A new study finds that ultrasound-producing moths are much more common than previously thought, with three new sound-producing organs, eight new subfamilies, and potentially thousands of species added to the list.
While a clear night sky may appear to us to be quiet and peaceful, devoid of all but stars, this nocturnal world is filled with a high-pitched cacophony of sound just beyond our ability to hear. Bats use ultrasonic pulses to pierce the shadows, allowing them to create an auditory map of their surroundings, which is bad news for moths, one of their favorite foods.
Not all moths, however, are defenseless prey. Some emit ultrasonic signals of their own, causing bats to flee. Many moths with bitter toxins avoid capture entirely by emitting distinct ultrasounds that alert bats to their foul taste. Others hide behind a cloak of sonar-jamming static, making them difficult to locate using bat echolocation.
While effective, auditory defense mechanisms in moths are relatively uncommon, with only tiger moths, hawk moths, and a single species of geometrid moth known. However, a new study published in the journal PNAS shows that ultrasound-producing moths are far more common than previously thought, with three newly discovered sound-producing organs, eight new subfamilies, and potentially thousands of species added to the list.
Moths and butterflies are one of the most diverse groups on the planet, accounting for one out of every ten named animals. If these findings hold true, it will most likely be the world’s largest collection of mimicry complexes.Akito Kawahara
“It’s not just tiger moths and hawk moths that are doing this. There are tons of moths that create ultrasonic sounds, and we hardly know anything about them,” said senior author Akito Kawahara, a curator at the Florida Museum of Natural History’s McGuire Center for Lepidoptera & Biodiversity.
The researchers were also curious about how these sounds might converge between moth species. In the same way that non-toxic butterflies mimic the colors and wing patterns of less desirable relatives, moths that lack the benefit of built-in toxins can mimic the pitch and timbre of truly repulsive relatives.
After collecting and studying thousands of moths in Ecuador, French Guiana, Mozambique, and Malaysian Borneo for over a decade, the researchers spent a final two weeks in Ecuador recording the alarm calls of every moth they could catch. Following that, they used a theoretical physicist and a machine learning algorithm to examine each note for similarities.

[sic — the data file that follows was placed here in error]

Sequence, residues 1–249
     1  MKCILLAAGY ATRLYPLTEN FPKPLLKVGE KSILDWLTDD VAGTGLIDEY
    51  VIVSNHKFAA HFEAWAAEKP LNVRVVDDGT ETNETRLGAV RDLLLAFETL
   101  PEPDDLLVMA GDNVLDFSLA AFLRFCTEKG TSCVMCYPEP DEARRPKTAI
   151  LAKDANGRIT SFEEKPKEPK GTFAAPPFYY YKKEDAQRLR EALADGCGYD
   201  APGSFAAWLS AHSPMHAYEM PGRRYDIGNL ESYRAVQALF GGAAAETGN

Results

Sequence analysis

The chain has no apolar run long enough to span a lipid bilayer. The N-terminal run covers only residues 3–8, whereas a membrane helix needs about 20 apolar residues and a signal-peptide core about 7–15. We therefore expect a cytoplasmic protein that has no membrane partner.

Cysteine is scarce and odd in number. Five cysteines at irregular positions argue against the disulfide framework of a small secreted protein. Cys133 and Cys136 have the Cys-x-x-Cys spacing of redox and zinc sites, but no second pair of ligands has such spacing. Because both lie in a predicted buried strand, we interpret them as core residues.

The program confirmed what previous researchers had only hypothesized: moth species do not behave like individual composers, each with their own distinct calling card and style. Instead, a small number of moths generate their own scores, which appear to be replicated by other moths in complex acoustic mimicry rings.
More research is needed, according to lead author Jesse Barber, a biology professor at Boise State University, to determine the exact nature of these sounds, but he suspects the trailblazing moths at the center of these rings are noxious, while the copycats on the outskirts are merely false advertisers.
“Moths and butterflies are one of the most diverse groups on the planet, accounting for one out of every ten named animals. If these findings hold true, it will most likely be the world’s largest collection of mimicry complexes” He stated.
These ultrasonic warning systems appear to be so useful in avoiding bats that they have evolved independently in moths on multiple occasions. Moths transformed different parts of their bodies into finely tuned organic instruments in each case.
“Tiger moths have tymbals that buckle inward and outward,” Kawahara explained. “Some of them have structures on their wings, others have structures on their abdomens, and still others have modified genitals!”
Several of the various clickers and scrapers moths use as a bat repellant are described in this study for the first time. This includes a species of calpine moth that rubs together overlapping abdominal scales, similar to the way crickets make their characteristic chirping sounds. Another species, in a group called the snout moths, makes noise by using a structure resembling a guitar pick between its wings, which is strummed against when the moth is in flight.
Anti-bat signaling is not limited to moths. By beating their wings against their protective casings, some tiger beetles can produce defensive clicks at bats. Other insect groups, such as katydids, crickets, and mantids, can hear incoming bats, and Barber speculates that some may be able to communicate with their pursuers. However, with roughly 40% of insect species currently on the verge of extinction, at a rate that outpaces researchers’ ability to discover and name them, he warns of the very real possibility that this ultrasonic symphony will cease to exist before we have a chance to hear it or learn what it means.
“These mimicry complexes are most likely not limited to moths,” he explained. “The entire tapestry of nocturnal insect life is most likely involved, but the opportunity to understand the natural world is fading. So many lineages are becoming extinct that we are most likely living in the final golden age of biology. If we do it now, we can still understand how life unfolded.”